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Case 1

 

  1. What does this plain X-ray of kidneys, ureters and bladder (KUB) show?
  2. What, according to the 2009 The National Institute for Health and Care Excellence (NICE) guidelines, is the most appropriate first-line treatment?
  3. What factors do the NICE guidelines suggest should guide the patient towards alternate treatments?

 

 


Case 2

 

 

  1. What are the three types of lithotripter in use currently for shock wave lithotripsy (SWL), and which is illustrated by the schematic in the image?
  2. What are the four fundamental requirements of an SWL set-up to successfully treat stones?
  3. What treatment principles are used for safest delivery of SWL?
  4. What are the contraindications to SWL?
  5. What does this axial CT scan image show? What complications can occur after SWL?

 

 

 

Case 3

 

 

  1. What do the X-ray KUB and the CT scan images show?
  2. What is the most appropriate first-line treatment according to NICE and European Association of Urology (EAU) guidelines?
  3. What acronym can be used to help decide which stone to treat first? What test(s) would help make your decision?
  4. What do these images show, and which kidney should you treat first?

 

 

 

 

 

 

 

 

 

Spot Test: answers

 

Case 1

  1. There is a left upper ureteric stone measuring approximately 8mm in maximal diameter. There is also a smaller left renal stone (around 4mm over the 12th rib).
  2. The patient should be offered shock wave lithotripsy in the first instance
  3. You should consider ureteroscopy if the patient is:
    a. Unable to complete treatment within four weeks with SWL;
    b. Has a stone not targetable for SWL (unlikely in this case);
    c. Has contraindications to SWL or;
    d. Has previously failed SWL for the treatment of stones.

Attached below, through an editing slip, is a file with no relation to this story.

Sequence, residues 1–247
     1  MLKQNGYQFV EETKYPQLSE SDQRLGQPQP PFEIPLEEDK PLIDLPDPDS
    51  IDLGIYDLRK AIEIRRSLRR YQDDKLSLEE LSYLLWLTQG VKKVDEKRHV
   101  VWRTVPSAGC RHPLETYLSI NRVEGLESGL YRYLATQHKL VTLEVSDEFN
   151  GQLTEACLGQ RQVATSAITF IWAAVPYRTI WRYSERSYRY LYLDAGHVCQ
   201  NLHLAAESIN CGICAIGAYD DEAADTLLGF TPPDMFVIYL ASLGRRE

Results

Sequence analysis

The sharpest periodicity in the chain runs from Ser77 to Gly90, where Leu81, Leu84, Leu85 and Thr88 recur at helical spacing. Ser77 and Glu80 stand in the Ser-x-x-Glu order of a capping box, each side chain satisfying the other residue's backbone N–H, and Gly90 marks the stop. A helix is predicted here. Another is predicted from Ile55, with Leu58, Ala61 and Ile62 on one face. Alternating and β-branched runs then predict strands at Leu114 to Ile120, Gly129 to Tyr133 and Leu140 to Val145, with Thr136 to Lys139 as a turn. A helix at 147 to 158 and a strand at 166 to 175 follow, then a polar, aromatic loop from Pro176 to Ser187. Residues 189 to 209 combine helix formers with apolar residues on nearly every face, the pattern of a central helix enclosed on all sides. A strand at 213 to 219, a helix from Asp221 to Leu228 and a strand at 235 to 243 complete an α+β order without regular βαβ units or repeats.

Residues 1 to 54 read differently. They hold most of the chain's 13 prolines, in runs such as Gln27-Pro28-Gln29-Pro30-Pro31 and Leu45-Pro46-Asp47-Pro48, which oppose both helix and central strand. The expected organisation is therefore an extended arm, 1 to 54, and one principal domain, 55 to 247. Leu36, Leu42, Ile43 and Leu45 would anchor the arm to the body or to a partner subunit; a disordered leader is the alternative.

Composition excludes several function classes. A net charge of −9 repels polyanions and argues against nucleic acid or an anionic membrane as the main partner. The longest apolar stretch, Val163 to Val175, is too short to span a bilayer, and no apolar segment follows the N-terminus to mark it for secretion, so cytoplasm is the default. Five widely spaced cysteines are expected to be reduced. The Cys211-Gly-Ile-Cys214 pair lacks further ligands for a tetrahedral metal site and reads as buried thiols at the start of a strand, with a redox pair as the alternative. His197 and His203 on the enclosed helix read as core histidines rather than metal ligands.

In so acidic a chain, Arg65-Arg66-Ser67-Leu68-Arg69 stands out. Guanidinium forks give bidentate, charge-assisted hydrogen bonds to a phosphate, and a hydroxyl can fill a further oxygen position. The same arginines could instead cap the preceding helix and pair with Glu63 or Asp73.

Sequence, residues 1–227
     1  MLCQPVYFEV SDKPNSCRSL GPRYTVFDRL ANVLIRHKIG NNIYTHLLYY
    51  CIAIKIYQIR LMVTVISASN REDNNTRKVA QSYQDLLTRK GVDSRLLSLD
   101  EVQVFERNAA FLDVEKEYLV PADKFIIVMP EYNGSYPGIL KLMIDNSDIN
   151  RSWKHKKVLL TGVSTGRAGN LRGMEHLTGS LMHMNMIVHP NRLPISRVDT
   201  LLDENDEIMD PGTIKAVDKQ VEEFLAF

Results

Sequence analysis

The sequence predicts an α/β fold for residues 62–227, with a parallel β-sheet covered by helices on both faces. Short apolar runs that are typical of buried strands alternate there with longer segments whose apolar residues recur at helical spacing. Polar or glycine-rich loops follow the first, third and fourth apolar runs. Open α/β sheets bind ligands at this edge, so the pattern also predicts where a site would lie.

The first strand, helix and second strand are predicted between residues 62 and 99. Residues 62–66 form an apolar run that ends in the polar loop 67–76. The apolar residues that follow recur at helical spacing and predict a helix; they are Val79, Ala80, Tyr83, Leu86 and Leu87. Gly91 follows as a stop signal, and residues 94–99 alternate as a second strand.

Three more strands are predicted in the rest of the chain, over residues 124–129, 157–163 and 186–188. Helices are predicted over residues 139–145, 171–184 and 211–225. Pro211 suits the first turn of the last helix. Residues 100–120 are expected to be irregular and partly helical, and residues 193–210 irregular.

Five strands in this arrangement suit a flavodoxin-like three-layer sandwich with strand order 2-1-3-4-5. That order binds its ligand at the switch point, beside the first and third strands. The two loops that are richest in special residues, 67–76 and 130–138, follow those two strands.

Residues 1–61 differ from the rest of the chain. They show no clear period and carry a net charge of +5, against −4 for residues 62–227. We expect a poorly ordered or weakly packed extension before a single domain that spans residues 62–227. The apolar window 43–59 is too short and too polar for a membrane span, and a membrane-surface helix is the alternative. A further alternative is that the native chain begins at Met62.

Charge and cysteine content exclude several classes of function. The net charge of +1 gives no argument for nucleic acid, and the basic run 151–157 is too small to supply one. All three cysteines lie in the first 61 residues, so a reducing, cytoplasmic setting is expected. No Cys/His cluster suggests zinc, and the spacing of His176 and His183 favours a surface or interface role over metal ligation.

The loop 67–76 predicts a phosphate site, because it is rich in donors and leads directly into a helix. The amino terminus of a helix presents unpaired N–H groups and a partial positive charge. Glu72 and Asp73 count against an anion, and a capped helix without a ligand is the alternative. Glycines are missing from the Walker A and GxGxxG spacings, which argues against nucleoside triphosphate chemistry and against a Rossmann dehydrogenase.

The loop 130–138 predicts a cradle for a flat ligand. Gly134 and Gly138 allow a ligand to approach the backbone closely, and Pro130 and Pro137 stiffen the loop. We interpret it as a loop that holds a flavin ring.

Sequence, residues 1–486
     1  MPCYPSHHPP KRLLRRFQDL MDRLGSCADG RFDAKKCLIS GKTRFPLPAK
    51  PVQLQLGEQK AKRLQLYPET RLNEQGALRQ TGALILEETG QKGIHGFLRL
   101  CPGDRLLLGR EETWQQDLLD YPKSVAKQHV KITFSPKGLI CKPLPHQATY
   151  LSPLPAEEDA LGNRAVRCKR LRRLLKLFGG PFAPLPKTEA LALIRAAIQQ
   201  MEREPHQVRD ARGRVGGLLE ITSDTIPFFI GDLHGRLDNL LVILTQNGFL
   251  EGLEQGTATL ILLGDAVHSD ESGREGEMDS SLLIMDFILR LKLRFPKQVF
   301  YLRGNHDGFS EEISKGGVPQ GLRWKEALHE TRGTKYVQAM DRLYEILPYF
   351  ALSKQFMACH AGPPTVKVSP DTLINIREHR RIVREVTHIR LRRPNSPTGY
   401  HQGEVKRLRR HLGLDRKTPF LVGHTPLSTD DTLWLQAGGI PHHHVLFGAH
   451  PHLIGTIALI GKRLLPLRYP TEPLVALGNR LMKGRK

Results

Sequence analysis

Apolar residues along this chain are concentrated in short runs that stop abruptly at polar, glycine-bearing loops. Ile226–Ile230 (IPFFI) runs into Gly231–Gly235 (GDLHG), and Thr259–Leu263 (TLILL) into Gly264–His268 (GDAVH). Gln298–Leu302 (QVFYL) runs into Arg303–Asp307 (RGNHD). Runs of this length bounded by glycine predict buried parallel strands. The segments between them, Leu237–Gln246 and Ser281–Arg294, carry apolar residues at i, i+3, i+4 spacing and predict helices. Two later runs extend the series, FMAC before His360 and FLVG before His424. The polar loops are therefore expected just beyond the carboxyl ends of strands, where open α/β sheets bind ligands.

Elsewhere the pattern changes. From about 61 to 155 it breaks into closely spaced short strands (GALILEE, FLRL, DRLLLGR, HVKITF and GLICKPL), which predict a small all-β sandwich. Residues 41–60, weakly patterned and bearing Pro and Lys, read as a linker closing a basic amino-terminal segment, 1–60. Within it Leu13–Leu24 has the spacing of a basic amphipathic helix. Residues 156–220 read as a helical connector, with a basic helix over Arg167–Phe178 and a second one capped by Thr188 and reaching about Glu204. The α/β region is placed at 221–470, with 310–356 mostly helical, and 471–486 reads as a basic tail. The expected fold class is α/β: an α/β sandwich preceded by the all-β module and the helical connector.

Case 2

  1. Electrohydraulic, electromagnetic and piezoelectric. The image shows a schematic representation of an electromagnetic lithotripter.
  2. Energy source, focusing, coupling and targeting.
  3. Safe SWL practice includes the use of power ramping (gradually increasing energy), maximum power limits, early treatment break (allows induction of protective vasoconstriction) and treatment at lower rates (1/1.5/2Hz max). For patients with pacemakers or known arrythmias, it is also possible to ‘gate’ the shock waves to the ECG.
  4. Absolute contraindications include: acute sepsis, distal obstruction, uncorrected coagulopathy, pregnancy, adjacent arterial aneurysm. Relative contraindications include: previous failed SWL, lucent stones, musculoskeletal disease compromising patient positioning.
  5. The image shows a large right perinephric haematoma in a patient who ultimately required angioembolisation. Other complications include pain, ureteric colic, obstruction, steinstrasse, haematuria, urinary tract infection / sepsis, renal injury, bruising, failure, need for repeat treatment, stone recurrences and intolerance of treatment or failed targeting leading to incomplete treatment.

 

Case 3

  1. Bilateral large / staghorn renal calculi.
  2. Percutaneous nephrolithotomy (PCNL). Both stones are probably too large for miniaturised PCNL.
  3. BOSE – the stones in the Best functioning kidney should be treated first. If function is equal, treat the Obstructed kidney, if neither obstructed treat the Symptomatic side, and if all else is equal treat the Easiest side first! A Technetium-99m (Tc99) labelled dimercaptosuccinic acid (DMSA) renal scan should be done to define differential renal function. A mercapto-acetyl-tri-glycine (MAG3) scan is an alternative but less reliable in this context. Assessment of overall renal function with eGFR/U+E would also be recommended, as well as a mid-stream urine sample.
  4. This is a DMSA scan showing a significantly reduced contribution from the left kidney (8% compared to 92% on the right). The right kidney should be treated first.
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